Traditionally, if you wanted to publish a book, you needed to get a contract from a publisher. The publishing company will then print, publish, distribute and sell the book through retailers and sellers. Now, there’s another way and it’s called self-publishing.
When you self-publish a book, you won’t need a publishing house. Instead, as a writer, you’ll complete the entire publishing process yourself. This includes editing, formatting and designing among other parts of the publishing process.
You’ll have to do more work, but you get full creative freedom and higher royalties. A fair trade-off if you’re willing to put in the extra hours. Authors who work with publishing companies often make up to 20 percent royalties on print books, 10-25 percent on audiobooks, and about 25 percent on ebooks.
On the other hand, if you’re a self-published author, you can get much more in terms of royalties. For example, Amazon pays self-published authors up to 70 percent royalty on books that cost $2.99 and $9.99.
Although technology has made it easy for authors to self-publish their books, it still requires a lot of effort. In some instances, it will demand a lot of resources.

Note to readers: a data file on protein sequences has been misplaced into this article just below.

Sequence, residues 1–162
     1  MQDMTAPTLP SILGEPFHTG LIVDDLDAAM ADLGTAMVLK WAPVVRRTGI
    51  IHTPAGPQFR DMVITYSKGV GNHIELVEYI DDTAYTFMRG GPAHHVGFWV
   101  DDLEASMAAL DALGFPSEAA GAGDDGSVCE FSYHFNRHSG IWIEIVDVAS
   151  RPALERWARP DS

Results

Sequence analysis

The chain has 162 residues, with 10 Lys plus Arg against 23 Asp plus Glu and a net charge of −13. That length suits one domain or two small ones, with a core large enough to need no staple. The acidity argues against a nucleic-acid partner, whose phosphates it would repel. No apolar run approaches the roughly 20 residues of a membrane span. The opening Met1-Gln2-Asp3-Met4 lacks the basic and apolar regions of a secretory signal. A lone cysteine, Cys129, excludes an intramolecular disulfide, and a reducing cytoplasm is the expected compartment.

But where do you start? And what do you need to do?
1. Have it professionally edited
Just because you’re self-publishing doesn’t mean you have to do everything yourself. Editing is one of the most important stages that any published book must go through before going public.
Editing and proofreading will help polish your book. A fresh set of eyes will spot areas that you’ve never noticed before.
Proofreading your work will help you detect errors in language, writing, or grammar that you missed or didn’t recognize while you were writing or proofreading it yourself. You could use AI-writing apps like Grammarly to help you check grammatical and spelling errors.